a control (unreinforced) specimen,also cracked to 500 microns.Only one large,central crack
is visible.Because permeability is related to the cube of the crack width,several smaller cracks
will be less permeable than one large crack.Therefore,it is not surprising that steel fibers should
reduce the permeability of cracked concrete.It is possible that a higher fiber volume will further
reduce the permeability of cracked concrete.However,at some fiber volume,an optimum might
be reached,above which more fibers will increase permeability.Others have shown such optima
to exist in microfiber reinforced concrete (Tsukamoto,1990,1991).
The other feature of interest in Figure 4 is that belowa crack width of about 100 microns,steel
reinforcing fibers do not seem to affect permeability much at all.Aldea et al.showed a similar
occurrence with unreinforced concrete,mortar,and paste.This indicates that below cracks of 100
microns,reinforcing does not affect permeability (Aldea,1999).
Statistical tests were performed on the slopes of the permeability lines shown on the semi-log
scale in Figure 4.The tests found that the permeability of cracked concrete decreases with increas-
ing fiber volumes.The tests are run at a 95%confidence level for cracks wider than 100 microns.
For cracks smaller than 100 microns,the permeability difference is not statistically significant at
the 95%confidence level.A thorough explanation of the statistical test is located in Appendix A.
4 Conclusions
Two major conclusions can be drawn fromthis research:
1.At larger crack widths,steel reinforcing macrofibers reduce the permeability of cracked
concrete.The higher steel volume of 1%reduces the permeability more than the lower steel
volume of 0.5%,which is still lower than the permeability of unreinforced concrete.This is
probably due to the crack stitching and multiple cracking effects of steel fiber reinforcement.
The permeability differences above 100 microns in all test series are statistically significant
at the 95%confidence level.
2.Below cracks of about 100 microns,steel reinforcing macrofibers do not seem to affect
permeability of concrete.
5 Acknowledgements
The research was performed at Northwestern University,the headquarters of the NSF–Funded Cen-
ter for Advanced Cement–Based Materials.Support fromthe NSF through grant DMS–9313013 to
the National Institute of Statistical Sciences is greatly appreciated.The authors wish to thank Steve
Hall,Steve Albertson,John Chirayil,and Joclyn Oats for their great help with sample preparation
and apparatus design.
Aldea,C-M.,Shah,S.P.,and Karr,A.F.“Permeability of cracked concrete,” Materials and Struc-
tures,32 (1999) 370–76.
Aldea,C-M.,Gandehari,M.,Shah,S.P.,and Karr,A.F.“Estimation of water flowthrough cracked
concrete under load,’ACI Materials Journal,97(5) (2000) 567–75.
“Standard method for electrical indication of concrete’s ability to resist chloride ion penetration,”
ASTMC 1202–94,Annual Book of ASTMStandards (1994),04.02,620–625.
Tsukamoto,M.“Tightness of fibre concrete,” Darmstadt Concrete:Annual Journal on Concrete
and Concrete Structures,5 (1990) 215–225.
Tsukamoto,M.,Wörner,J.-D.“Permeability of cracked fibre–reinforced concrete,” Darmstadt
Concrete:Annual Journal on Concrete and Concrete Structures,6 (1991) 123–35.
Wang,K.,Jansen,D.C.,and Shah,S.P.“Permeability study of cracked concrete,” Cement and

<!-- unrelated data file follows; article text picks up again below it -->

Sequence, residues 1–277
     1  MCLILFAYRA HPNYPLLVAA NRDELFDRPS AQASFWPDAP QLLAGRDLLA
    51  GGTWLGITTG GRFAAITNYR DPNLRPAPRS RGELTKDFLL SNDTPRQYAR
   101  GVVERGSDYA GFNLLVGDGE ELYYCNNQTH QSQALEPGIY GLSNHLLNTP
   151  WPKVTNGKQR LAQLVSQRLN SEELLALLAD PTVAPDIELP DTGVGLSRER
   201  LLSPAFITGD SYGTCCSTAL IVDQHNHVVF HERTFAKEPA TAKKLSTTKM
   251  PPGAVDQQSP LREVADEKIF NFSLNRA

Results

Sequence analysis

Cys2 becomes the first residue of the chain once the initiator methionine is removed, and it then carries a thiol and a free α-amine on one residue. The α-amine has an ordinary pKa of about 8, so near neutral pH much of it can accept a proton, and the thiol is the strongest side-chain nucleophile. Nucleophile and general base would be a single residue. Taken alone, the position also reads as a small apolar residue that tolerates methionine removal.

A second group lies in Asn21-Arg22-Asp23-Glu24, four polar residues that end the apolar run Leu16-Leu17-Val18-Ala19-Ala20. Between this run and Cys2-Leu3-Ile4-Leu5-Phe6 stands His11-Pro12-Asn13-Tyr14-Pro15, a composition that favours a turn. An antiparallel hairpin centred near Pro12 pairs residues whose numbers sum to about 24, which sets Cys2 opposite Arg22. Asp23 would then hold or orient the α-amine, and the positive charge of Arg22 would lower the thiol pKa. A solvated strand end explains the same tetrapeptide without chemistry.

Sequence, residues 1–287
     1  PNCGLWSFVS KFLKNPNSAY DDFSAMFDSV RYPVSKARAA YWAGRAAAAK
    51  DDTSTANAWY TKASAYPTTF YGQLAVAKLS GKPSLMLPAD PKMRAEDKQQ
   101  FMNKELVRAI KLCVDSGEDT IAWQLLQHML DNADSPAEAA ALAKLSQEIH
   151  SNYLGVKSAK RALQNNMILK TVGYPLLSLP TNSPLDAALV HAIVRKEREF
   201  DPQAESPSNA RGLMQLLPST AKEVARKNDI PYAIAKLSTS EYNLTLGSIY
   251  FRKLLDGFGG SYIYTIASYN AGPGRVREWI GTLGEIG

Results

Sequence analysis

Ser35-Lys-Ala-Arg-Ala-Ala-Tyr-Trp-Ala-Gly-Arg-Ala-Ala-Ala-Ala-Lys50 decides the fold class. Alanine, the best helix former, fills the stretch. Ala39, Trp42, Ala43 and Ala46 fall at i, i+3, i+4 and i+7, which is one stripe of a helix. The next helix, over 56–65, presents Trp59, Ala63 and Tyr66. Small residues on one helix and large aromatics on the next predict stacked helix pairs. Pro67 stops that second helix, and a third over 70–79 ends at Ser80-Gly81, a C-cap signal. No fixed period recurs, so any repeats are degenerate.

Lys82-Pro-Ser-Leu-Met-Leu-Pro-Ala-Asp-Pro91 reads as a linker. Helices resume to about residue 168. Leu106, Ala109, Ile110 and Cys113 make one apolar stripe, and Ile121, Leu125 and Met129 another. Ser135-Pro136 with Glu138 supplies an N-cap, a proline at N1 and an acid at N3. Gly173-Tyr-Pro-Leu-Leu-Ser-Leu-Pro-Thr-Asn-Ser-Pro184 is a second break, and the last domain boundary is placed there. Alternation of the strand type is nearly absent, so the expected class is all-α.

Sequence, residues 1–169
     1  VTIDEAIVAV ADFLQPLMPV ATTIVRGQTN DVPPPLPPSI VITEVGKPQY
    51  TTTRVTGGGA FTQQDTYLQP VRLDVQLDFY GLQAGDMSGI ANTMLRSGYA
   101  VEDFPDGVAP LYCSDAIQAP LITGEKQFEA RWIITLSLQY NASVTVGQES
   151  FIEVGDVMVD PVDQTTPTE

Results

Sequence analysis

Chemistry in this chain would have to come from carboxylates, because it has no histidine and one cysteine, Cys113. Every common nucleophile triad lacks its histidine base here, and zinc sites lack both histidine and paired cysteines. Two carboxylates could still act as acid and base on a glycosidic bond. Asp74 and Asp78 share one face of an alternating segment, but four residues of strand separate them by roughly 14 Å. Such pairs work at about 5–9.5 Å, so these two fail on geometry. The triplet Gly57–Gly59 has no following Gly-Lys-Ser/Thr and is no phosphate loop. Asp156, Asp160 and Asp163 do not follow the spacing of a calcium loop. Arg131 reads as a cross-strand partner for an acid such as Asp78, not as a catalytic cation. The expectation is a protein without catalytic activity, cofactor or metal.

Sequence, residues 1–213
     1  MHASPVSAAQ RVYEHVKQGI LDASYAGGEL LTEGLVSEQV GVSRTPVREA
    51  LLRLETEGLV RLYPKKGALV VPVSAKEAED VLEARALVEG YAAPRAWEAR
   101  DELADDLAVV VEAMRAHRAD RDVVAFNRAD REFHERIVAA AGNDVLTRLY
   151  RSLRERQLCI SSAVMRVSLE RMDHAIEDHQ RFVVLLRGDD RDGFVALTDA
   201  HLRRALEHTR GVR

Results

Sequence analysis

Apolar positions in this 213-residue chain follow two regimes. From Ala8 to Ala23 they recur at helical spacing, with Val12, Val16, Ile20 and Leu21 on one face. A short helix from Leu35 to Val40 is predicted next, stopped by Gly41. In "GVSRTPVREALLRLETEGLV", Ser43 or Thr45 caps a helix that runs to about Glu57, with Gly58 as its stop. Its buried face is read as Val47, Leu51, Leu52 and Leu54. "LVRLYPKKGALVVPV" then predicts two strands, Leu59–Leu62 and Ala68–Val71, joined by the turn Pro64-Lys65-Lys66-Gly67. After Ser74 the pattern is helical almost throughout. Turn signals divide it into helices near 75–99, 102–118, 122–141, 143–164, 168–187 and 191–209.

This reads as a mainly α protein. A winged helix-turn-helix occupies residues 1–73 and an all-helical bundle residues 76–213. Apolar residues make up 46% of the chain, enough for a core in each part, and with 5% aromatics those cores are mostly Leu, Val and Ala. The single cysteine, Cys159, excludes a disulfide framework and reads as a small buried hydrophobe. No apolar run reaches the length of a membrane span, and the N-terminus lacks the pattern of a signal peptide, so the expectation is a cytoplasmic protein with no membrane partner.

Concrete Research,27(27) (1997) 381–93.
A Appendix:Statistical Significance of Permeability Differences
For each fiber content,a regression line was fit to the log (base ten) of the permeability.Each data
point and the three regression lines are plotted in Figure 4.The regression provides a slope with a
standard error and an intercept with a standard error for the three concrete mixes,each containing
a different level of steel fiber (see Table 2).
As the amount of steel fiber increases,the slope of the regression line decreases indicating that
for large cracks (greater than about 100 microns),steel fibers reduce the permeability.To determine
if the slopes of the regression lines are significantly different for the different amounts of steel fiber,
confidence intervals were created for the difference between the slopes of the regression lines.A
95% confidence interval for the difference between two slopes,with standard errors m
and m
respectively,is calculated as follows:
The quantity t
is the 0.975 quantile of the t distribution with df degrees of freedom.If the
regression for m
has n
data points and the regression for m
has n
data points,then
df =
The first row of Table 3,shows the confidence intervals for the difference between the slopes
for plain concrete and concrete containing 0.5%steel fiber.The second row shows the confidence
interval for the difference between the slopes for concrete containing 1.0% steel fiber and 0.5%
steel fiber.Neither confidence interval contains zero which confirms the conclusion that increasing
the percentage of steel fiber in the concrete significantly (95% confidence) increases the slope of
the lines.
The regression lines cross at about 100 microns suggesting that below100 microns addition of
steel fiber actual increases the permeability.However,when confidence intervals for the differences
between the intercepts of the regression lines are calculated,we find that the differences in the
intercepts are not significantly different from zero.Based on this,a reasonable conclusion is that
steel fibers actually have little or no effect on permeability of concrete with cracks smaller than
100 microns.
Steel Fiber Volume

Steel 0.5%
Steel 1.0%
Table 1:Mix proportions by weight,with steel fibers by volume
Steel Fiber Level
Standard Error of
Standard Error of
Number of
the Intercept
of the Slope
Data Points
Table 2:Regression Results
Comparison of Slopes
Standard Error of
Confidence interval of
the difference
the difference
0.5%Steel - Plain
1.0%Steel - 0.5%Steel
Table 3:Confidence intervals for the differences in the slopes